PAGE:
seagrass tagged posts

Seagrass project switch after low yield

A project to reintroduce seagrass in Plymouth Sound has seen only 6% of seeds germinated. The National Marine Aquarium said it was now switching to seedlings already growing on matting to increase yields. Seagrass is seen as a way of fighting climate change by absorbing carbon dioxide from the atmosphere.

Thousands of seed bags were dropped onto the sea floor in 2021 in a £2.5m project to grow eight hectares (80,000 sq m) of meadow in Devon and Hampshire.

But the seeds became lost or buried by tides, said Mark Parry from the National Marine Aquarium in Plymouth.

“The idea is that we germinate the seeds in a closed environment where we can tightly control those conditions,” he said.

“We get a higher germination rate, we allow them to develop their roots and the rhizomes to spr...

Read More

England’s largest seagrass restoration project gets under way

By all accounts they are a miracle of the underwater world. Reckoned to sequester carbon 35 times faster than a tropical rainforest, seagrass meadows also provide a haven for some of the most fantastical marine creatures on Earth – even in the UK, where enigmatic seahorses are among those found sheltering in the swaying blades. 

Yet the UK’s seagrass meadows have vanished at an astonishing rate. According to some estimates we have lost more than 90 per cent of them in the last century or so; pollution, dredging, bottom trawling and coastal developments have all contributed to their demise.   

Seeking to turn the tide for these imperilled ecosystems is a conservation initiative that is being billed as the largest seagrass restoration project in England.

Launching today and las...

Read More

Climate change: Carbon-reducing seagrass planted off Welsh coast

Diver planting seagrass beds

A million seagrass seeds are being planted as part of Britain’s largest project to save the “wonder plant”. Experts say seagrass helps tackle the effects of climate change by absorbing carbon dioxide faster than trees. But up to 92% of the plant may have disappeared from the UK’s coast over the last century, research has found.

Work has now started on lowering the seeds onto the seabed off Pembrokeshire to create a new 20,000 sq m (215,280 sq ft) meadow.

Scientists hope it will also help boost fish numbers and support marine wildlife.

Seagrass, which is found in shallow waters of coastal regions, has been declining globally at a rate of about 7% a year since 1990.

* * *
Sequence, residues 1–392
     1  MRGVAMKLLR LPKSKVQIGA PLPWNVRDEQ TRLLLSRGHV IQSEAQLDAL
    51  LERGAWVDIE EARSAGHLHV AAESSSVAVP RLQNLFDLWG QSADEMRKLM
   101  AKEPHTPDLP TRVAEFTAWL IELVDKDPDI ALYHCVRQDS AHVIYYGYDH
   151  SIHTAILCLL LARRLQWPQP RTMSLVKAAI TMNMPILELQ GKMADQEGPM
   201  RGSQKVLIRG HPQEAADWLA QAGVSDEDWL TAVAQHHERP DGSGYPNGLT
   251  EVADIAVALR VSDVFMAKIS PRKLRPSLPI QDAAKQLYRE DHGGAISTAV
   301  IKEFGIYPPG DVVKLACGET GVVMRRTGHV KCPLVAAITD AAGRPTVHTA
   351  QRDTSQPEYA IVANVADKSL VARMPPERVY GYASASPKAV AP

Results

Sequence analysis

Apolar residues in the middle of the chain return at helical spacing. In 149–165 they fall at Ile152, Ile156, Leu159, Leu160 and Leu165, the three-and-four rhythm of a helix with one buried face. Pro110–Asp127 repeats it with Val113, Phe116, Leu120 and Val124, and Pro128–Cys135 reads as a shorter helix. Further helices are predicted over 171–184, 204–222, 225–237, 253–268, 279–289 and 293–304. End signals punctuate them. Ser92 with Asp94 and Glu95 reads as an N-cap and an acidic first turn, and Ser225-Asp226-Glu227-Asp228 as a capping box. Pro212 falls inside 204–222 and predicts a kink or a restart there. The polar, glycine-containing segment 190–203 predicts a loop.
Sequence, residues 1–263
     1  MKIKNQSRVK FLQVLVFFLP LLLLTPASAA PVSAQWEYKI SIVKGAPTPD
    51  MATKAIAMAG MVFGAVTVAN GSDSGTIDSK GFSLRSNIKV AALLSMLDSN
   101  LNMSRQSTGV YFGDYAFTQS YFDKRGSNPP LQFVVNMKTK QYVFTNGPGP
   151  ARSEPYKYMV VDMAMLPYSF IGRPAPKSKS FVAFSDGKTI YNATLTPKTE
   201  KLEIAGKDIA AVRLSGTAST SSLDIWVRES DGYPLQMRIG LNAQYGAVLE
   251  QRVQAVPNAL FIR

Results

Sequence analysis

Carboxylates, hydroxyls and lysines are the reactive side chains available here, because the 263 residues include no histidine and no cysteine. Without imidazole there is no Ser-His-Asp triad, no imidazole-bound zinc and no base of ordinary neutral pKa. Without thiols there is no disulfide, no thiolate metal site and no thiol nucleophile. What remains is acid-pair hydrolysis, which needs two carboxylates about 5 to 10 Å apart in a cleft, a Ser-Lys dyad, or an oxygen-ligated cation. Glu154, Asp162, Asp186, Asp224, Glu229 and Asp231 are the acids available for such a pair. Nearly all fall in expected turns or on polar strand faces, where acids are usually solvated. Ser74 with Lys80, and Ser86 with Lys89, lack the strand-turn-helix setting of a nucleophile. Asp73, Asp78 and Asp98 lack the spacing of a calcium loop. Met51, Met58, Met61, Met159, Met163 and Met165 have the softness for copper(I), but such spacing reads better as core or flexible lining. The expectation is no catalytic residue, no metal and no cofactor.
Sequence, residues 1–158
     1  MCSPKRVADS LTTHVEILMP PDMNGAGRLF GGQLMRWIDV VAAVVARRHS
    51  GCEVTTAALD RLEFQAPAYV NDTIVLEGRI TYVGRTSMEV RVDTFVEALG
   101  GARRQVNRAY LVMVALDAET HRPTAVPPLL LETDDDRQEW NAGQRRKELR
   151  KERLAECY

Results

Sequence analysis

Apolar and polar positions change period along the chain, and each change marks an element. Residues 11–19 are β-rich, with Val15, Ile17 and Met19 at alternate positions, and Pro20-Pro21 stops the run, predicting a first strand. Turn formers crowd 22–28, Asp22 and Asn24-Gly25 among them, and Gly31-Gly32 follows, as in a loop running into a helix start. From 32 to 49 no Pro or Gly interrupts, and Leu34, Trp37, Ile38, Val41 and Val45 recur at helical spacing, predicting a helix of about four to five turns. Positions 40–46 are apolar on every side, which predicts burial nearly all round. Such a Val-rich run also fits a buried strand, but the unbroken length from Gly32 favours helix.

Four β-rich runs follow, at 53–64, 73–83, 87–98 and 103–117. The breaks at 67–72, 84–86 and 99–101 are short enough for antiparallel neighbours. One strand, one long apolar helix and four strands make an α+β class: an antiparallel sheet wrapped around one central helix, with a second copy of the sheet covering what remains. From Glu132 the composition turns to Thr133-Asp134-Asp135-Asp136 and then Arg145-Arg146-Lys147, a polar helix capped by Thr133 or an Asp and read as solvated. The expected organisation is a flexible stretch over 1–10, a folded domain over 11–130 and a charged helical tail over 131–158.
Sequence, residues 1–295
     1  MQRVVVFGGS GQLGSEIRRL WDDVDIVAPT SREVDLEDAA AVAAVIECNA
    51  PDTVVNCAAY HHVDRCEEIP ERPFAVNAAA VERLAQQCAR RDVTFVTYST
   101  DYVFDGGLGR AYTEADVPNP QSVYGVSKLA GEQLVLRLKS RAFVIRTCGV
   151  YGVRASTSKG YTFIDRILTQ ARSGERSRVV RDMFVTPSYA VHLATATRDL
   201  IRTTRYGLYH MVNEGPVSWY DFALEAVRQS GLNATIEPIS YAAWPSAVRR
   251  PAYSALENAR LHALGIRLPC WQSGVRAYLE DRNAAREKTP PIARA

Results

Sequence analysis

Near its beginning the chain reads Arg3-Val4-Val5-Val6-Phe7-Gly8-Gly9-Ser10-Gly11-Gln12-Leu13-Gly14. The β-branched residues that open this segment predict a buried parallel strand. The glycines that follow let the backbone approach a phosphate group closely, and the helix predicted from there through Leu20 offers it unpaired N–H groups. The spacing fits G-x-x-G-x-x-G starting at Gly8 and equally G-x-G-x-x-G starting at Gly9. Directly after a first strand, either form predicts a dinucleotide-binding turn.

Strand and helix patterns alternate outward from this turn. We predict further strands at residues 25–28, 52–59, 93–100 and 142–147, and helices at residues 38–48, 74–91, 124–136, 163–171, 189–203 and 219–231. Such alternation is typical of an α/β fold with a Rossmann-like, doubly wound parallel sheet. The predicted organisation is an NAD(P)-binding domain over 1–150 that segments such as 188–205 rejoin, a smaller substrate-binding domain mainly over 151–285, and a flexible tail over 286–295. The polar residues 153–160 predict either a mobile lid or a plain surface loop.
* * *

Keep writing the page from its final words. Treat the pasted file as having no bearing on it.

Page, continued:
That is a result of long-term development of our coastlines and pollution of the sea, according to project leader Dr Richard ...

Read More

Scientists Struggle to Save Vital Seagrasses from Coastal Pollution

An American lobster shelters in an eelgrass meadow off Manchester-by-the-Sea, Massachusetts

Seagrasses grow along coastlines nearly everywhere around the world, and they can store twice as much carbon in a given area as temperate and tropical forests. They provide food and shelter for fish, shellfish and sea turtles. They also blunt the impacts of ocean acidification, reduce coastal erosion and keep the water clean by filtering out excessive nutrients.

But the more than 70 species of seagrasses are among the most poorly protected coastal habitats.

Seagrass meadows in many places are imperiled by coastal development, overfishing, runoff from farm waste, and the growing threat from climate change. They have declined roughly 7% annually since the 1990s, a peer-reviewed study found. That is on par with the declines of tropical rain forests and coral reefs.

It doesn’t have to be thi...

Read More

Restoring seagrass under siege


Seagrasses are disappearing at rates that rival those of coral reefs and tropical rainforests, losing as much as seven percent of their area each year. Replanting success rates have been unpredictable — but scientists are making new advances that could change that.

Seagrasses are disappearing at rates that rival those of coral reefs and tropical rainforests, losing as much as seven percent of their area each year, according to the IUCN. While only eelgrass grows along the muddy shorelines of San Francisco Bay, more than 70 species of seagrass worldwide cover a global area estimated at up to 600,000 kilometers squared (about 373,000 square miles) — an area roughly the size of Madagascar.

The flowering plants — not to be confused with seaweed — are considered “coastal canaries...

Read More

Seagrass is a powerful weapon


Seagrass has been around since dinosaurs roamed the earth, it is responsible for keeping the world’s coastlines clean and healthy, and supports many different species of animal, including humans. And yet, it is often overlooked, regarded as merely an innocuous feature of the ocean.

But the fact is that this plant is vital — and it is for that reason that the World Seagrass Association has issued a consensus statement, signed by 115 scientists from 25 countries, stating that these important ecosystems can no longer be ignored on the conservation agenda. Seagrass is part of a marginalized ecosystem that must be increasingly managed, protected and monitored — and needs urgent attention now.

Seagrass meadows are of fundamental importance to human life...

Read More